We also talked about what I saw around me: my teammates and what I was learning from them. We spoke about the great friends I was making, the education and inspiration I was soaking up, and all the other positives. My experience went way beyond just playing football. We also spoke of warning signs. What negatives was I seeing? What did I learn from my teammates that I wanted to avoid? My dad reminded me that for me, it came down to one thing: playing beyond my vision. I never wanted to play because I didn’t know what else to do, or because I was too scared to move on into the unknown. I never wanted to play for all the wrong reasons.
My dad reminded me how adamant I was about never wanting to become ‘that’ player. I never wanted to play to hold onto what I once wanted. I promised my dad, and myself, that I would never let that be me. It’s easy to say, but how do you know when you’re holding on too long? The same way as always: ask yourself about your vision. Or better yet, have someone who knows you better than yourself ask you. If it’s nostalgia that pops up – you’re holding on, time to let go. I realized that’s where I was: wanting to still be what I used to be. But you know what?
Life goes forwards, not backward. Memories are to be enjoyed, not chased.
That was all it took. One straightforward question from my dad and it was all crystal clear. I was fooling myself and craving the comforts of yesterday. It was time to do what I had done my whole life. I had to build a new tomorrow visually, and for the first time since I could remember, that tomorrow would no longer involve being a football player. It was scary at first, until I realized what it meant: freedom. For the first time since I was a teenager, I had a total blank slate. I wasn’t being pulled anymore, so I had the time and space to create something entirely new.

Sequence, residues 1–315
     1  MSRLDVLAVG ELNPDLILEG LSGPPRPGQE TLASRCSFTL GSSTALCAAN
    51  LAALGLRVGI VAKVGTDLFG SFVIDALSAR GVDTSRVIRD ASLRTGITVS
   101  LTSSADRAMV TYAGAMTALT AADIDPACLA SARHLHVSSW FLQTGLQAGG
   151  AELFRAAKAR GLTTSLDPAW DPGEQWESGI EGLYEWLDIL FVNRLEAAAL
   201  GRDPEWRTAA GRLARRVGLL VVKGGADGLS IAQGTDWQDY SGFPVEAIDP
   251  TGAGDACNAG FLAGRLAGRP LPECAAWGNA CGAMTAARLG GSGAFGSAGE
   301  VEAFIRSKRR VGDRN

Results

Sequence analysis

It was time to let go.
It’s hard to admit, but every mission has a conclusion and the hardest part is realizing when that is. The greatest tragedy of any significant accomplishment is not knowing when it ends. It was hard for me to say goodbye to football, but I knew the time was right. It just took my dad to really help me see that.
We can easily fool ourselves, especially when there are high emotions involved. That’s why you need trusted people around you. People who know what you’re about, and who will always be there to help you through your struggles. They need to be the kind of people who love you enough to challenge you.
Always remember: memories are easy to hold onto, but building a strong vision is much harder because it requires hard work. Spend that time, build it strong, and share it with those who care for you. That’s how you make your dreams come true.
A strong vision is your most powerful tool, I firmly believe that, but never forget to question yourself. Are you moving forward or are you moving backwards? If you’re in any doubt, you can always ask my dad.